In the 17th century, famed philosopher Rene Descartes proposed that animals experienced emotions at a level equaling machines [source: Leinhard]. Pet owners have long argued that cats and dogs feel many of the same emotions as humans, but scientists and the general public often have disagreed. It wasn't until long after Descartes -- in the 1980s -- that the concept of animal emotions began to catch on, leading to new questions about how animals should be treated and what rights they deserved.
Throughout the 20th century, much of the research on animal emotion was based on anecdotes with little scientific basis. In 2009, a study published in "Current Biology" described how domestic cats could alter their purring to manipulate their owners. By increasing how frequently they purred, the cats could inspire the same human reactions as crying babies, leading to faster feeding or other types of care [source: Viegas]. This suggests that cats not only experience emotions, but posses a level of emotional intelligence that allows them to understand and tap into their human owners' emotions.
What about animals in the wild, who have no coddling humans around to manipulate? Many experts believe that emotions help wild animals make critical life decisions. These emotions may be as simple as a sense of optimism or pessimism that is based on the animal's experiences and helps it to identify danger or spot hidden prey [source: ScienceDaily]. Emotions also may help animals form partnerships that often are critical to survival. In 1964, scientists performing experiments on rats and monkeys gave the animals food in exchange for activating a device that would give another member of their species a painful electric shock. Seeing the pain their actions caused, the monkeys and rats were more likely to turn down the food than to activate the shock [source: Sohn].
As these types of findings emerge, some people argue that human treatment of animals must improve as our understanding of our fellow creatures evolves. Activists suggest that part of the reluctance to accept animal emotions lies in the moral dilemmas and lifestyle changes we face along with accepting their emotions. After all, if you knew for a fact that animals could feel pain, fear or a sense of their own mortality, could you still eat the same food or wear the same clothes and accessories? It's a decision based largely on personal beliefs, but it's a topic worthy of further research and contemplation.
It was Charles Darwin who first pointed out that animals have emotions. In his book, "The Expression of the Emotions in Man and Animals," Darwin explained that "the lower animals, like man, manifestly feel pleasure and pain, happiness and misery" [source: International Wildlife].
Despite these early words, it wasn't until Jane Goodall's work with chimpanzees in the 1960s that perceptions started to change. Goodall was the first to suggest that chimpanzees have cultural and social behaviors linked to emotional responses. For example, chimps seem to be capable of empathy and mourning. It's not uncommon for a primate mother that loses her baby to carry the corpse around for days, holding it and rocking it in an obvious mournful state [source: New York Times].
Few scientists now dispute the possibility that animals have emotions, although most concede that it's hard to prove. There are also obvious differences between species -- Darwin believed that different animals feel different degrees of emotions, some more complex and some much more basic. This could explain why elephants, which have very advanced memory and learning capabilities, also seem to mourn their dead, but mosquitoes display no obvious signs of emotion.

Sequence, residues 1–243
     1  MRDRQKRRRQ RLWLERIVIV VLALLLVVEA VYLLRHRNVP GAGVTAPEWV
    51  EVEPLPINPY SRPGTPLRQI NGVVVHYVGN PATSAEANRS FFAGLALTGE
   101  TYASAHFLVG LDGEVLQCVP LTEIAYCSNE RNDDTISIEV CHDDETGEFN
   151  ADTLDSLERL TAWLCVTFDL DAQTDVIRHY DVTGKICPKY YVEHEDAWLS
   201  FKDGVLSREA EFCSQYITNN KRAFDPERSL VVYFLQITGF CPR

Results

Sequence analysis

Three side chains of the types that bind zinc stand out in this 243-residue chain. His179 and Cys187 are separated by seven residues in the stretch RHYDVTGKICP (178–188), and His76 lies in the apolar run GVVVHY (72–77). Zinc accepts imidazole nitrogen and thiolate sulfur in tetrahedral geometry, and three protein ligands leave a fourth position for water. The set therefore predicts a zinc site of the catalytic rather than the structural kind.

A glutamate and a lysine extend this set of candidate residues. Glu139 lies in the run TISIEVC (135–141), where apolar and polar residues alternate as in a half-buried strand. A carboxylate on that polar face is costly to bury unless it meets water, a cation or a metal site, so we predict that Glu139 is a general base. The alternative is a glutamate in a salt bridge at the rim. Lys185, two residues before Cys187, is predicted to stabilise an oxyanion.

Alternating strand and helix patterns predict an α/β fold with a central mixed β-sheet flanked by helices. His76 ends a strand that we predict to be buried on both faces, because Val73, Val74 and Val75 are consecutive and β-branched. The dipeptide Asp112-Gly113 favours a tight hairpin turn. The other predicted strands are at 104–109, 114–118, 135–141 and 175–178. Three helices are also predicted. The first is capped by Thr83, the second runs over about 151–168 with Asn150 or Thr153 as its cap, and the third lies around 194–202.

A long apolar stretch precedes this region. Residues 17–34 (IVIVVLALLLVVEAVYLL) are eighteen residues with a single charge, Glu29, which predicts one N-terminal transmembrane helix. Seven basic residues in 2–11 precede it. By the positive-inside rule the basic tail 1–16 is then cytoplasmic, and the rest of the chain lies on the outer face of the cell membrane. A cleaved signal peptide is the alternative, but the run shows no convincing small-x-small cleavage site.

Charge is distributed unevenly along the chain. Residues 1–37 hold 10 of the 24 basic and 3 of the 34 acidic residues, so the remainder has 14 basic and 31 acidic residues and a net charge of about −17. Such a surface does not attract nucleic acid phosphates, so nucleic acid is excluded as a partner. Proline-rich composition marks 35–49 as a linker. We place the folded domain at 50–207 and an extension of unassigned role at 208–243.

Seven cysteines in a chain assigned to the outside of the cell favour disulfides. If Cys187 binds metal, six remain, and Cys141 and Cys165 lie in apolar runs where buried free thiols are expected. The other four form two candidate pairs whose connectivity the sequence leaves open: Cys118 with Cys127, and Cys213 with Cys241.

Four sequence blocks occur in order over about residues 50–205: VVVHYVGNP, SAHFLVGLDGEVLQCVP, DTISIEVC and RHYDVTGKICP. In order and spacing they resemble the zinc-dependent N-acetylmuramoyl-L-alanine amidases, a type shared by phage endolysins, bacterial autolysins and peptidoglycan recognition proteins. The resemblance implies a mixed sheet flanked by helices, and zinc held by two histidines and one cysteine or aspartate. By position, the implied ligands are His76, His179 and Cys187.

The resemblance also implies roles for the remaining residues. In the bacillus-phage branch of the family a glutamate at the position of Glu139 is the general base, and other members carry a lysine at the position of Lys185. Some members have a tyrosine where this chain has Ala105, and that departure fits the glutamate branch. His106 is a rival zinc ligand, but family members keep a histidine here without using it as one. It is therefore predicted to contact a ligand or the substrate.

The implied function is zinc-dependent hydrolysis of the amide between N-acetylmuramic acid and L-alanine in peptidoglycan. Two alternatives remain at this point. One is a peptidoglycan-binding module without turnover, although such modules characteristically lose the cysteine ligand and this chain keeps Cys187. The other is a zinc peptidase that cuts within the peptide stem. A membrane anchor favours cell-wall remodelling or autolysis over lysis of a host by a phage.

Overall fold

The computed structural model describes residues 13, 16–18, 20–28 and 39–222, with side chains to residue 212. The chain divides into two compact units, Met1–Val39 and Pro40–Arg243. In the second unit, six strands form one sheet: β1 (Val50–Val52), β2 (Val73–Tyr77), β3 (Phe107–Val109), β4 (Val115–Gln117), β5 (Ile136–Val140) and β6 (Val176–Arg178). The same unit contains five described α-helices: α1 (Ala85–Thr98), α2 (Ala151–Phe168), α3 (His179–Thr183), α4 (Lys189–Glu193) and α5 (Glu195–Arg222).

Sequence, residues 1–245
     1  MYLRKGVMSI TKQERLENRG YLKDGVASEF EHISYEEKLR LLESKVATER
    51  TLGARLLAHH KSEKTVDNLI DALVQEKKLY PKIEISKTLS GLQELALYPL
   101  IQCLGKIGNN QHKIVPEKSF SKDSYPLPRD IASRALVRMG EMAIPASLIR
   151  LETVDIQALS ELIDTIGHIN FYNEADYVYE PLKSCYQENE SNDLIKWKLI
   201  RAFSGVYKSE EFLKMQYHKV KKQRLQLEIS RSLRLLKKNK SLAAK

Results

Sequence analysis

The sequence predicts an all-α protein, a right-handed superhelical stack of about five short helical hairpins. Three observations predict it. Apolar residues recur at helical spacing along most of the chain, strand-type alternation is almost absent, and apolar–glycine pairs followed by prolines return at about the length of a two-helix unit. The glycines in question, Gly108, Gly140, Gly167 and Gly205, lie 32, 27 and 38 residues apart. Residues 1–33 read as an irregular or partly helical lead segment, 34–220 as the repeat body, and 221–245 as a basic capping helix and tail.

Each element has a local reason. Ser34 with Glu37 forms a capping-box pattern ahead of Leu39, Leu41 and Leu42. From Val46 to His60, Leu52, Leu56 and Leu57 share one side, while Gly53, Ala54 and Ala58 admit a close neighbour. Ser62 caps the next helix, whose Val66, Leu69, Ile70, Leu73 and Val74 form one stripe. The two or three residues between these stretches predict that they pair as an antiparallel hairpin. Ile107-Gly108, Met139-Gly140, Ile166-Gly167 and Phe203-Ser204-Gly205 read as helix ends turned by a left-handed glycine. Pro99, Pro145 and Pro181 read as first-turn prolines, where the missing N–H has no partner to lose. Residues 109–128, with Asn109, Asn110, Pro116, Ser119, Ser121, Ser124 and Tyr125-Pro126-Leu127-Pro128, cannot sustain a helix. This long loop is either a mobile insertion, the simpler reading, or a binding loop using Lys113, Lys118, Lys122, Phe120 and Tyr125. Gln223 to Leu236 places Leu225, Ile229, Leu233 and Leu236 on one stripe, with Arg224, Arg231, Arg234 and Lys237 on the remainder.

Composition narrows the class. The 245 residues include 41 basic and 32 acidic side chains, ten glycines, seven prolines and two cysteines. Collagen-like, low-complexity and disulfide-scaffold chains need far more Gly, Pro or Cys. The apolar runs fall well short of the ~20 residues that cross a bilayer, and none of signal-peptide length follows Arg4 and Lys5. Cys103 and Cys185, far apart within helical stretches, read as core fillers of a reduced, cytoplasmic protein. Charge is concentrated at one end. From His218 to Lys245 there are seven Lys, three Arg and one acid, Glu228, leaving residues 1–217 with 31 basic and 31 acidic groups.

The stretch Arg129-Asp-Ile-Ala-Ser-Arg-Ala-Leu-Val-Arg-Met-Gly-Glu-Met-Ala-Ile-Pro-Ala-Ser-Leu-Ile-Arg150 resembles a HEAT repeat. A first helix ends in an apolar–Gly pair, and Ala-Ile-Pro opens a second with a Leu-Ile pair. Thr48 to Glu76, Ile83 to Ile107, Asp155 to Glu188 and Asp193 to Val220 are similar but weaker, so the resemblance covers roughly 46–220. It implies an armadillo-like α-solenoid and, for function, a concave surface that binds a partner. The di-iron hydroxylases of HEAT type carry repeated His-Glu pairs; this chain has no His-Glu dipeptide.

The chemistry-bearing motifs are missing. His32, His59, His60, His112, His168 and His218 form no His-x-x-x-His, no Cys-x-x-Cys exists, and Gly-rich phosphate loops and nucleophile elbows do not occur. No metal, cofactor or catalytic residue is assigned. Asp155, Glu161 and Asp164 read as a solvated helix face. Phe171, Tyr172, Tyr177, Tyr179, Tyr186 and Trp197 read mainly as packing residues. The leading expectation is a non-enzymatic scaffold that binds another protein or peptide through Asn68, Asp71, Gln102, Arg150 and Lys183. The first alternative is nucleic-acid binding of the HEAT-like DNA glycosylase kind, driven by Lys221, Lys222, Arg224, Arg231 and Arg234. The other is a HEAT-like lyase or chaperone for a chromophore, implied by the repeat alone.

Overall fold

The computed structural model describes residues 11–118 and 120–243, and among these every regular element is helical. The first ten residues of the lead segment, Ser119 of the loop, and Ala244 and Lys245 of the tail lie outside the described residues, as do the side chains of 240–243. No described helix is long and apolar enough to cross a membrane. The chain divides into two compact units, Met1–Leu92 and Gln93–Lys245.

In some species, emotions can be key to a group's survival. For example, Capuchin monkeys monitor that all members of the group get equal portions of food after a gathering session. This could show empathy and fairness, or could be a sign of the animals trying to ensure that all members of the group eat well and stay healthy, simply for survival's sake. Other examples lean toward emotion. Marc Bekoff, Ph.D., an animal behaviorist and former professor at the University of Colorado, cites an experiment where a rat refused to push a lever to receive food once she realized that another rat would get an electric shock every time she did. The first rat was choosing not to inflict pain, even if it meant going without food [source: Psychology Today].
Many scientists have also studied the depression-like symptoms dogs sometimes develop after losing animal or human companions. These symptoms, which include lack of interest in play and food, are similar to those experienced by humans. The problem is sometimes so serious that some dogs require treatment with antidepressant medications. Scientists are still trying to understand why this happens and the most basic explanation (that animals experience sadness and loss) is gaining ground.
Social necessity is one of the reasons it might be beneficial for animals to have emotions. When animals interact with one another -- say in a pack or a pod or a herd -- emotions could help an individual in a number of ways. For example, guilt could help smooth over a conflict; empathy could encourage the adoption of an orphaned infant; or fear could help develop a pecking order. When social animals are raised by themselves, they often have trouble interacting with others of their species if they're forced to socialize later in life.
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